To those living in the arena of Silicon Valley, it’s no secret that the housing shortage is hurting wallets. How much of that is big tech’s fault and how much of it is the local government’s fault is hard to tell at times, but certainly neither is doing as much as they could. This week Google pledged a whopping $1 billion worth of assistance to the problem. Forking over $750 million worth of real estate and a quarter-billion dollars worth of funding for residential projects is quite the pledge, let’s see how the money gets spent. You can read more here.
  • Slate failures
    Google’s Pixel Slate tablet was such hot garbage that the company is leaving the tablet game for good and focusing on its Pixel laptop line instead. Read more here.

GAFA Gaffes

How did the top tech companies screw up this week? This clearly needs its own section, in order of awfulness:

  1. Apple recalls some MacBooks:
    [Apple issues voluntary recall of 2015 MacBook Pro batteries due to overheating concern]
  2. Google swats down shareholder vote:
    [Google defeats shareholders on ‘Dragonfly’ censored search in China]
  3. Facebook in hot water over fake review sales: 
    [Facebook and eBay told to tackle trade in fake reviews]
  4. Maps keeping it real fake:
    [Google responds to report that concluded there are millions of fake business listings on Maps]

Image via Getty Images / Feodora Chiosea

Extra Crunch

Our premium subscription service had another week of interesting deep dives. TechCrunch’s Ron Miller wrote a story asking VCs and CEOs just how much startup founders should be paying themselves.

Startup founders need to decide how much salary is enough

“…Murat Bicer,  general partner at CRV,  says you could probably ask 10 VCs this question, and get 10 different answers, but he sees the range at the low end of perhaps $125,000 and at the high end maybe $200,000, depending on the location of the startup and the cost of living in a particular city…”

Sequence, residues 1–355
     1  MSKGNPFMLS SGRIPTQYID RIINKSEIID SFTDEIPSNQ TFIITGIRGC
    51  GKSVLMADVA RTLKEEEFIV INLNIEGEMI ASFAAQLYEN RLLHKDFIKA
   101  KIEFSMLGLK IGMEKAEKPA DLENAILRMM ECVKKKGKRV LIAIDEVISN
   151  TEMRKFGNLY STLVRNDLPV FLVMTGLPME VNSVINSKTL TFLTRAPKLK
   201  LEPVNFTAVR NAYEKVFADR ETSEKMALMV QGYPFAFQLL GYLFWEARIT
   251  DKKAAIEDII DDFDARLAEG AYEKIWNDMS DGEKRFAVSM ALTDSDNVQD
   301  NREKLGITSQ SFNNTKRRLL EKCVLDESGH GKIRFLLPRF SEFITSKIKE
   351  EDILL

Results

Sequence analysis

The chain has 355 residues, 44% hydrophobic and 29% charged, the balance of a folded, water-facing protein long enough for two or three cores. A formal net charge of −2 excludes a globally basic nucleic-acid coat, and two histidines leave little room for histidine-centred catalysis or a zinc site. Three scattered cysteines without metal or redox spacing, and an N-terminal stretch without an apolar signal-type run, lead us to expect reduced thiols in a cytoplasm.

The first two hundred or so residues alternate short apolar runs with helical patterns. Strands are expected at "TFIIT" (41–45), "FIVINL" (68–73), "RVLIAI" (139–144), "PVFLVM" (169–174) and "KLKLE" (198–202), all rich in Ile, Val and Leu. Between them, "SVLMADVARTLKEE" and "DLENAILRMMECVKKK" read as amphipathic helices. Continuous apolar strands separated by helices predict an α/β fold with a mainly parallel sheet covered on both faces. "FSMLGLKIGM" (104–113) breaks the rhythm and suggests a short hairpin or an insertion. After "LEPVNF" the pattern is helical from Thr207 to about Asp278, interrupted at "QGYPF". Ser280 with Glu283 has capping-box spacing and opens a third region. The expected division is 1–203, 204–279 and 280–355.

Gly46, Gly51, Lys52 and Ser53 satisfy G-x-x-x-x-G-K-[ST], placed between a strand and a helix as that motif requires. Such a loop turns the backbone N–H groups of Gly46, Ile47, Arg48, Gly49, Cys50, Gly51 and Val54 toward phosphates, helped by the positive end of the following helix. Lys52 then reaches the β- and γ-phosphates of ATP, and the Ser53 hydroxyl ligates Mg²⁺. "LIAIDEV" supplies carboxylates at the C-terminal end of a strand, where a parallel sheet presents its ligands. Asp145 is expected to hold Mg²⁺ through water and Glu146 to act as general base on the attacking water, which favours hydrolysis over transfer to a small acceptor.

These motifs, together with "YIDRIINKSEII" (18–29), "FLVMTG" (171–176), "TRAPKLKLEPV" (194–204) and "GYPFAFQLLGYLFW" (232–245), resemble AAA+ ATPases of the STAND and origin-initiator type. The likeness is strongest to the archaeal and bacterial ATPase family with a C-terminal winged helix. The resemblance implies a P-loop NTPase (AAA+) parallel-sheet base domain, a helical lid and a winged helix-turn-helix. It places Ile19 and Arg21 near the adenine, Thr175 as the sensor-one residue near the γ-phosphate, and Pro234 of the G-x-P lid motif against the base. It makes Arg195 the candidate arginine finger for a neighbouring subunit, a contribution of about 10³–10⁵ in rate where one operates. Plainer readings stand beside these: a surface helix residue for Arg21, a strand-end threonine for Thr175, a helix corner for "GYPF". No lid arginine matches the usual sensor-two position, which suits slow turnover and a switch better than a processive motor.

Here are some of our other top reads this week for premium subscribers. This week TechCrunch writers talked a bit about keeping your H-1B status and how you should be negotiating your term sheet with strategic investors.

Want more TechCrunch newsletters? Sign up here.



Twitter takes down ‘a large number’ of Chinese-language accounts ahead of Tiananmen Square anniversary

22:24 | 1 June

Twitter has suspended a large number of Chinese-language user accounts, including those belonging to critics of China’s government. It seems like a particularly ill-timed move, occurring just days before thirtieth anniversary of the Tiananmen Square massacre on June 4.

“A large number of Chinese @Twitter accounts are being suspended today,”

Yaxue Cao, founder and editor of the U.S.-based publication China Change. “They ‘happen’ to be accounts critical of China, both inside and outside China.”

Cao then went on to highlight a number of the suspended accounts in


The Chinese government reportedly began cracking down late last year on people who post criticism on Twitter. The author of that story, The New York Times’ Paul Mozur, has also been tweeting about the takedowns,

that “suspensions seem not limited to accounts critical of China” and that it appears to be “an equal opportunity purge of Chinese language accounts.”

In response, Twitter’s Public Policy account

it suspended “a number of accounts this week” mostly for “engaging in mix of spamming, inauthentic behavior, & ban evasion.” It acknowledged, however, that some of the accounts “were involved in commentary about China.”

“These accounts were not mass reported by the Chinese authorities — this was a routine action on our part,” the company said. “Sometimes our routine actions catch false positives or we make errors. We apologize. We’re working today to ensure we overturn any errors but that we remain vigilant in enforcing our rules for those who violate them.”

By this point, the deletions had attracted broader political notice, with Florida Senator Marco Rubio

, “Twitter has become a Chinese govt censor.”